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UN humanitarian chief: The carnage in Syria’s Idleb should not come as a surprise to anyone

12 Feb 2020


Families fleeing the fighting in Idleb. Credit: HFO Project

Following is the latest op-ed of the United Nations Under-Secretary-General for Humanitarian Affairs and Emergency Relief Coordinator, Mark Lowcock, in The Telegraph:

In the last 24 hours 20,000 people in Idleb packed their belongings and fled to escape bombing. Mostly women and children, they travel in open trucks or by foot; during daylight and at night.

As they move, they look to the sky and wonder if they are about to be bombed. They head north and west into the ever smaller space considered safe near the Turkish border. Most camps are full. Many sleep in the open in fields.

The crisis in north-west Syria has reached a new level. These 20,000 are in addition to the nearly 700,000 people fleeing since December.

What the people of Idleb need is an immediate cessation of hostilities. The attacks on civilians and civilian infrastructure taking place in north-west Syria are unacceptable. They must be brought to an end. 

The people of Idleb have nowhere left to go – many have already moved several times. Where they go the bombs follow. Syrians I spoke to in Idleb last month are traumatized. They feel abandoned by the world.

“We are afraid. Please help us. Make it stop,” they say.

Trucks loaded with food, shelter material and water continue to arrive in north-west Syria from Turkey. But the relief operation is overwhelmed.

A humanitarian warehouse was bombed a week ago. Many organizations have had to relocate their staff and facilities.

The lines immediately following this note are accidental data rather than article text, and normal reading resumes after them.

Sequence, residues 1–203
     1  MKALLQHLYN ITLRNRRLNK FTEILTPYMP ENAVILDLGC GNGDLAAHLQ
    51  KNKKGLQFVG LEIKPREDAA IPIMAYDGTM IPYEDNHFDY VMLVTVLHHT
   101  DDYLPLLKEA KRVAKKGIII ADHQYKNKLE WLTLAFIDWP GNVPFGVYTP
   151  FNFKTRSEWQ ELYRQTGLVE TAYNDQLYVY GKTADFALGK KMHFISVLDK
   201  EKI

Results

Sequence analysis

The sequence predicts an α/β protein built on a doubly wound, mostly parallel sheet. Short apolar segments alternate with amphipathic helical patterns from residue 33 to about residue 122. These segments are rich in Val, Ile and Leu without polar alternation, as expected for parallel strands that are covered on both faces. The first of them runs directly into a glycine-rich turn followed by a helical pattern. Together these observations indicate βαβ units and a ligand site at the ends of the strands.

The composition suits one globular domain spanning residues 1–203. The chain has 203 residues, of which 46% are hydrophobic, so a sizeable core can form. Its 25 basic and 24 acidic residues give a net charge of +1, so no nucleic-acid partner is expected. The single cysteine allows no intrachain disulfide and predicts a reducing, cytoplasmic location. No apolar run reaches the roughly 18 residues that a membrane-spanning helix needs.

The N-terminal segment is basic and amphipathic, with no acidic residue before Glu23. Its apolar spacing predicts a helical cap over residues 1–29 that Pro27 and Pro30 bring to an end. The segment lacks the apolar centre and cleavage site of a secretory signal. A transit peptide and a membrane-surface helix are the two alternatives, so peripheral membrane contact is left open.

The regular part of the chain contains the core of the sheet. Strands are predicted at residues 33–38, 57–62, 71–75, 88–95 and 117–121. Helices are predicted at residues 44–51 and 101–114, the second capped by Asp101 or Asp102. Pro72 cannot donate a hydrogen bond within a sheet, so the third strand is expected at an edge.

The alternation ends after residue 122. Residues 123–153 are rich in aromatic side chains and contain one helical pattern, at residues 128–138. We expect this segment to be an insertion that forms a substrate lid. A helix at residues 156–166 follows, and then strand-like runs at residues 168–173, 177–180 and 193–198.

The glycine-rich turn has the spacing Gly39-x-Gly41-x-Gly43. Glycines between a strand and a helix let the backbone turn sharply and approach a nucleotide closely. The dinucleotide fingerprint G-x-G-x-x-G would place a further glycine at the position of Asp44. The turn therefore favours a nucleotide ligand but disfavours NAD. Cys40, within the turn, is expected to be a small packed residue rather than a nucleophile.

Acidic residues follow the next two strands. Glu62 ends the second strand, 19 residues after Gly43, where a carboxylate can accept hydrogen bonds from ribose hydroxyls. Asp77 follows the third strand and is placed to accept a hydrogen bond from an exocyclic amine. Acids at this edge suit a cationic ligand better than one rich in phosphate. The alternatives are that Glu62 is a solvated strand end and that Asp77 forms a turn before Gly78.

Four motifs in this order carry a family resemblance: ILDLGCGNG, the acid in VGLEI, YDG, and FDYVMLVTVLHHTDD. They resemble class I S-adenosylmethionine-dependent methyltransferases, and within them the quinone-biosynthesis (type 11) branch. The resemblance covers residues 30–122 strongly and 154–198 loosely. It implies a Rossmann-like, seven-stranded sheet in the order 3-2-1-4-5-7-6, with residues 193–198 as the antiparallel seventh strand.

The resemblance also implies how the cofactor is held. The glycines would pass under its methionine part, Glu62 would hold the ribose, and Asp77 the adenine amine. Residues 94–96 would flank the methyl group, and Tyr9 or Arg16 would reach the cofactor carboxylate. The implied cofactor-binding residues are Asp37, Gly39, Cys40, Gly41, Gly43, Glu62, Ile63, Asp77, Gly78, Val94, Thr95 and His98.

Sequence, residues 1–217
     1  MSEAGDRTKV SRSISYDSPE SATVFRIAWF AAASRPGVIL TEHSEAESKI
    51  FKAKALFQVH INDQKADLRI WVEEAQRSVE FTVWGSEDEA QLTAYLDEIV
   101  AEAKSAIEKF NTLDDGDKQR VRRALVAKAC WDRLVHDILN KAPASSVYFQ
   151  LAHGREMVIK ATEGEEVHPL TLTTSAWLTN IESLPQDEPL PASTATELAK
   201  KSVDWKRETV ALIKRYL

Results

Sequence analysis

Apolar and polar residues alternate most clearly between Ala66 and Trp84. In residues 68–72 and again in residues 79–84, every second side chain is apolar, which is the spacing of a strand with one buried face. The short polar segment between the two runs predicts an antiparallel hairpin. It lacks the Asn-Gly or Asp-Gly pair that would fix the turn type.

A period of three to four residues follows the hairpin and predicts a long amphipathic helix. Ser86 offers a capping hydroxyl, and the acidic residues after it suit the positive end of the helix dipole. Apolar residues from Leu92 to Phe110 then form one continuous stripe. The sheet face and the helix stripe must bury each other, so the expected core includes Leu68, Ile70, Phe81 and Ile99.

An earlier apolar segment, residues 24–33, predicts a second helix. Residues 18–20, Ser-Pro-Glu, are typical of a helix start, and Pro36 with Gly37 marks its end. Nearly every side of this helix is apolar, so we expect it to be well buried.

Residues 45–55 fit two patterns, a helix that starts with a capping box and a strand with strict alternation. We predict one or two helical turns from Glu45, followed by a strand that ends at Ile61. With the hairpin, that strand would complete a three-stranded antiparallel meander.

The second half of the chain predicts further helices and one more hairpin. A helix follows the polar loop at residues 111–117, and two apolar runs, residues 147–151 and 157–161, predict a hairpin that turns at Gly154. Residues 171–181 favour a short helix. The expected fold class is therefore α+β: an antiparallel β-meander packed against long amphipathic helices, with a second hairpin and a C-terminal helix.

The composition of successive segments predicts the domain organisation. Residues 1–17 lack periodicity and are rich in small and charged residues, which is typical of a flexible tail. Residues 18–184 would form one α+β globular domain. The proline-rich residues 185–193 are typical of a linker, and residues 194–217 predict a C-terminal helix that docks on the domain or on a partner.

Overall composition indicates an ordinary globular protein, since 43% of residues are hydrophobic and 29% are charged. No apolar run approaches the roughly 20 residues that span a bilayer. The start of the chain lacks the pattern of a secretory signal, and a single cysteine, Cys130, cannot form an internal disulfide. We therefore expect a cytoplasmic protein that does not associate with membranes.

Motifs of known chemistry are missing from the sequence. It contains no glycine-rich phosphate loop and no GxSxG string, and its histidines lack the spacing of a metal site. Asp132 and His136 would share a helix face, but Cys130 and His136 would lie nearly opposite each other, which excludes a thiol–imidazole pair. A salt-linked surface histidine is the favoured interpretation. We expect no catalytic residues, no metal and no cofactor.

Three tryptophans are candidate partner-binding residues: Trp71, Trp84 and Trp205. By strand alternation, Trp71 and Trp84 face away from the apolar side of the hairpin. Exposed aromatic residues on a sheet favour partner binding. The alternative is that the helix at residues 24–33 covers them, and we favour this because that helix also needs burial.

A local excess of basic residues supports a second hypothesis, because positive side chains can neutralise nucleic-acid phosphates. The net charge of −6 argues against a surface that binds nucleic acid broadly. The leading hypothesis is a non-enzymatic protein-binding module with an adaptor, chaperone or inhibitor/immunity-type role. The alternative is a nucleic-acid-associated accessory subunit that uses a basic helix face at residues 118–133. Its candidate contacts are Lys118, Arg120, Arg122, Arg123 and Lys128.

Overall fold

Three humanitarian workers were killed in the last fortnight. Schools are closed. More than 70 hospitals and health centres have stopped working. There is a serious risk of disease outbreaks. Basic infrastructure is falling apart.

The horrible truth is the humanitarian disaster unfolding is far bigger than the humanitarian system’s capacity to respond. This should not come as a surprise to anyone. We have been warning of it for months.

I have briefed the UN Security Council month after month on the consequences of inaction. Since last summer we have seen deadlock and division.

Calamity can only be avoided if Security Council members, and those with influence, overcome individual interests and put a collective stake in humanity first.

That requires difficult decisions, especially from Council members with veto powers. The parties to the conflict have a legal and moral responsibility to respect international humanitarian law.

Time is short. Front lines have now moved to within a few kilometres of Idleb city, the largest urban centre in north-west Syria.

What happens next will depend on whether a solution can be found to ease the situation for those still in harm’s way. The only option is a ceasefire. When will the carnage stop?